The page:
Emmy found her internship because she knew someone who completed the internship the previous summer, so she decided to apply. The Elmwood Park Zoo then reached out to her and asked if she wanted to work under the Education Department as a counselor. Each day, Emmy arrived at the zoo at 8:00am and had some time to prepare activities and lessons for the day depending on the theme of the week. The kids were dropped off at 8am, and from 9am-12pm, they walked around the zoo and had general talks about the animals. If there was a theme, she would focus her animal talks on that. There were also animal presentations, which would either be an up-close animal encounter or seeing one in the zoo’s theater. Emmy was a counselor for the older campers, so sometimes they would have more personal animal encounters, such as learning how to hold a snake or a turtle. After lunch, the kids would have a lesson and a craft that went along with it. The kids were picked up from 3-4pm, and Emmy had some time to prepare for the next day. The camps were also weekly, so she had a new group of campers each week.
This summer, Emmy worked with kids who had disabilities and disorders that she had learned about in her education courses, so she got real life experience and had to use the skills she learned at Ursinus. She also had to relearn some science material since she had to teach the campers about animals. In terms of education and shadowing, for her last education class, Emmy is thinking of choosing a class that focuses on younger grades. She learned a lot about age ranges and thinks that she would now like to teach middle school instead of high school. She also wants to learn more about animal training and how much animals understand us and their environment.
To Emmy, communication mattered the most during her internship because she was working with people her age and older, but also had to switch the way she was communicating to be able to talk to kids. The counselors used walkie talkies to communicate, so she had to always be aware of information being relayed through the walkie talkie while also caring for the campers. Emmy also had to be aware of what information was okay and not okay to share about the kids, and be aware of what she was saying to them. She also had to make sure that the kids understood her instructions since they were in a high risk area consisting of animals, crowds, and the outdoors.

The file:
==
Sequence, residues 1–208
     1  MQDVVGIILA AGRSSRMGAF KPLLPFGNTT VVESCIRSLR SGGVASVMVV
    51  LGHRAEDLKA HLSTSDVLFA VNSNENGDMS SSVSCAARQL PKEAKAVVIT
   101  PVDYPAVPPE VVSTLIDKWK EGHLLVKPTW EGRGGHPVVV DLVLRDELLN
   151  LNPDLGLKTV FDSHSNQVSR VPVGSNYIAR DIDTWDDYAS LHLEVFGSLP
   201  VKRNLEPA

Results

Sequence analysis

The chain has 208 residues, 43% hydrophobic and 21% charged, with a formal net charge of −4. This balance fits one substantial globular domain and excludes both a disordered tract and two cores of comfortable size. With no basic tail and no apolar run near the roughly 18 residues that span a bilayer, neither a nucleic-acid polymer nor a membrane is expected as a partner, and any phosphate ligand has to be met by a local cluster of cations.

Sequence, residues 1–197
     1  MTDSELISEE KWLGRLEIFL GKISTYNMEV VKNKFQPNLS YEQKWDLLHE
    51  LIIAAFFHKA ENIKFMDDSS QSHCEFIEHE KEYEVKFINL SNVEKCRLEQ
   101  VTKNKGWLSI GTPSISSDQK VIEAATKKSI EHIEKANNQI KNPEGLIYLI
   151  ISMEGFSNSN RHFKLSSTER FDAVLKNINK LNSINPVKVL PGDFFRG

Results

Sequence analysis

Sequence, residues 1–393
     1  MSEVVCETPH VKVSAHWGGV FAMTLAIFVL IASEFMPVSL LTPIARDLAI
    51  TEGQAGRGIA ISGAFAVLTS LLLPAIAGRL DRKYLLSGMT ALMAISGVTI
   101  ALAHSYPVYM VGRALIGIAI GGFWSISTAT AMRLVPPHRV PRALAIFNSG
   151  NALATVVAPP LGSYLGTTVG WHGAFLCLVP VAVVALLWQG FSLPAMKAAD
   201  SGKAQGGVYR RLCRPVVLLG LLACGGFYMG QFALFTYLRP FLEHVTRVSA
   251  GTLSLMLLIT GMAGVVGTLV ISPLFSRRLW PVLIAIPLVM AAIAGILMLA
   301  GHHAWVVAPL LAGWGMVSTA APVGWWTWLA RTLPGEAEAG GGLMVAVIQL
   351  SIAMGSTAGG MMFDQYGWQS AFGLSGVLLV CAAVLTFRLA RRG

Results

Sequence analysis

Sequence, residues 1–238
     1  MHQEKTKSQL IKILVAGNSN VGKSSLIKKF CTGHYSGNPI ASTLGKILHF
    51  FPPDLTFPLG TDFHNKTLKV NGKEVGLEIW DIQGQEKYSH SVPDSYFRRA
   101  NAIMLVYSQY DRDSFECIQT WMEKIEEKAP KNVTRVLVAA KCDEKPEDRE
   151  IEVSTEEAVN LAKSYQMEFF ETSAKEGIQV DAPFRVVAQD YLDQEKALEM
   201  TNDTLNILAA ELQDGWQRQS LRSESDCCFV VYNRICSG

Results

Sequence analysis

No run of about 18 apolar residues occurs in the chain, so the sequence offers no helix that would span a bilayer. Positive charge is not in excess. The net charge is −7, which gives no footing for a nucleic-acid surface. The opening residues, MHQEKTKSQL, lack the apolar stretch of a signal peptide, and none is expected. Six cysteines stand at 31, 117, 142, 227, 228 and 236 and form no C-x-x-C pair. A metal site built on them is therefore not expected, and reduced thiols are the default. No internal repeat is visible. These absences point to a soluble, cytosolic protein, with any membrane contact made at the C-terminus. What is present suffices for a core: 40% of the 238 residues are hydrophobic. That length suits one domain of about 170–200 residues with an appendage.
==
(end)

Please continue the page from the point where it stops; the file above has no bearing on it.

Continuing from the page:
Before her internship, Emmy knew what she wanted to do after graduating, but it has since changed. She enjoys working with both animals and kids, and working somewhere that combines the two would be worthwhile for her. She also has not taught in a classroom yet, though, so she wants to explore that more. The most challenging part of her internship was working with other people. Emmy had her own group of campers, but also did activities with the camp as a whole. Being able to move her schedule around to work with other groups, while also making sure the campers got the most out of their camp experience was a necessary skill. The coolest part of Emmy’s internship experience was being able to see animals up close every day. She got to meet a porcupine named Pokey and feed him a leaf!
A fun fact that Emmy learned during her internship is that porcupines can have curly hair!
Written by Alexa Alessandrini ’24